A new report published in McKnight's Long Term Care News explores the connection between remote care and skilled nursing facilities, and how the application of the former can contribute to the success of the latter.
Specifically, the use of remote patient monitoring (RPM) solutions can help skilled nursing facilities (SNFs) achieve the important goal of reducing hospital readmissions — an increasingly essential milestone as the healthcare industry transitions to value-based care.
“Hospitals are being incentivized to find new ways to lower readmissions and work with the entire care continuum to identify where readmissions can be preventable,” writes Jiang Li in the article. “This has created a growing interest in improving post-acute care, and in particular, skilled nursing facilities, where one in four patients discharged to a SNF are readmitted within 30 days, and two-thirds are considered to be preventable.”
By improving post-acute care for a variety of procedures, skilled nursing facilities can also maximize patient outcomes. This, in turn, not only reduces hospital readmissions, but enhances their own profile and potentially increases patient referrals. And, although improving post-acute care is easier said than done, remote care technology can play an instrumental role in accomplishing it, Li argues.
How? Because it offers the potential to more closely monitor a patient’s progress than has been traditionally possible in the past, remote care provides unprecedented levels of insight into the patient recovery process. This, in turn, enables care teams “to work together to track decline or progress,” Li notes.
Remote Care & Skilled Nursing: Enabling Early Intervention
RPM technology has been around for more than a decade, pioneered by companies like Care Innovations®, which was founded as an offshoot from the Intel Digital Health Group in 2011. A number of the company’s executives, including President Randy Swanson, Chief Operating Officer Marcus Grindstaff and Chief Financial Officer Bryan Pruden, joined the team directly from Intel.
Yet it’s only in recent years that the true potential of remote care has emerged, as services like our own Health Harmony RPM platform have leveraged widespread consumer technologies — think smartphones and tablets, which are now used by a majority of Americans — with home health delivery systems.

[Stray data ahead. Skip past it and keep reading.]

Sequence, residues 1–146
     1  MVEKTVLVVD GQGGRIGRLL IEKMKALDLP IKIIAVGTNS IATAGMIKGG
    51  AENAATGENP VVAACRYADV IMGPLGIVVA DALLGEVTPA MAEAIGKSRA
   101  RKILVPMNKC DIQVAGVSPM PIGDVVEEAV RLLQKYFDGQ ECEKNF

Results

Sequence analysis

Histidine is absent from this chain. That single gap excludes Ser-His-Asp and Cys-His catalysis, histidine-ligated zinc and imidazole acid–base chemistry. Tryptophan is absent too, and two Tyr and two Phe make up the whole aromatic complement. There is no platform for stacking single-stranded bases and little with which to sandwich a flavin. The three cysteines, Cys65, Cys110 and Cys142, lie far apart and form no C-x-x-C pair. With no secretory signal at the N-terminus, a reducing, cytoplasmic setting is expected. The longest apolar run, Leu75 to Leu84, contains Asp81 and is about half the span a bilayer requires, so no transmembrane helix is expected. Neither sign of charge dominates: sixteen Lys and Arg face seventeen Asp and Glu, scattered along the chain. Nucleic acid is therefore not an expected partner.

“An exciting new category of connected health devices is emerging as a result,” Li writes. “What this new category of connected health devices enables is the ultimate goal in remote patient monitoring — the ability to offer the same level of medical quality found in hospitals to a patient in an acute care facility or at home.”
Because it emerged from Intel’s decades-long compilation of health data, Care Innovations is uniquely positioned to achieve this goal. As Grindstaff has pointed out in a speech on the importance of innovation balancing in remote care, that hard-won data came from closely monitoring patient data in diverse areas such as:
- senior living communities
- assisted living
- memory care
- independent living
“We have seven billion data points from people in those communities,” he noted. “We're able to take that and create predictive models, and this is where we believe this whole industry is headed … we can create predictive models in a senior living community that predict who's likely to move out and move up into a higher level of care. That way, we can intervene earlier."
“Patients discharged from the hospital following surgery or other serious acute care are especially exposed to potential infections in the days following,” agrees Li in the McKnight's article. “With continuous temperature RPM solutions, nursing staff can get automated early warnings of a rise in patient body temperature.”
Promoting Nursing Efficiency & Patient Satisfaction with Remote Care
Speaking in a video from the Care Innovations Academy — an educational series designed to help healthcare professionals and executives better understand the potential for remote care to boost the power of healthcare delivery — Chief Clinical Officer Julie Cherry (RN, MSN) goes into more detail on how remote care can help skilled nursing facilities make the transition to value-based care.
“In our healthcare system in the United States, we have to figure out a way to drive down costs,” she explains. “Through this kind of remote patient management model of care … you can ensure that patients stay out of the high-costs emergency room, intensive care unit, long hospitalizations — maybe even patients who are acutely ill can be discharged from the hospital a little bit earlier because you're going to have this tight management and monitoring of them.”
“It is easy to see the value to nursing efficiency compared to the current solutions for monitoring infection through manual efforts which are subjected to human error and irregularity,” Li adds. “With automated solutions, the potential forgetfulness and inaccuracy is reduced, and the facility may even look at reduced labor costs.”
Patient satisfaction can also be enhanced by remote care in skilled nursing facilities; Li points to a study showing that an “overwhelming majority (96%) of patients said they were satisfied with the RPM program.”
“When we find the patient engages on a daily basis, it really leads to a better outcome and moves them toward self-management basis, improving their condition,” as Swanson has noted in an exploration of how remote care can help achieve healthcare’s “triple aim.” “RPM affects the second aim of healthcare, the patient satisfaction, by giving them the chance to interact on a daily basis."
Interested in learning more about the benefits of remote care for skilled nursing facilities? Our experts are standing by to answer any questions you may have: Contact Care Innovations to schedule your complimentary consultation today.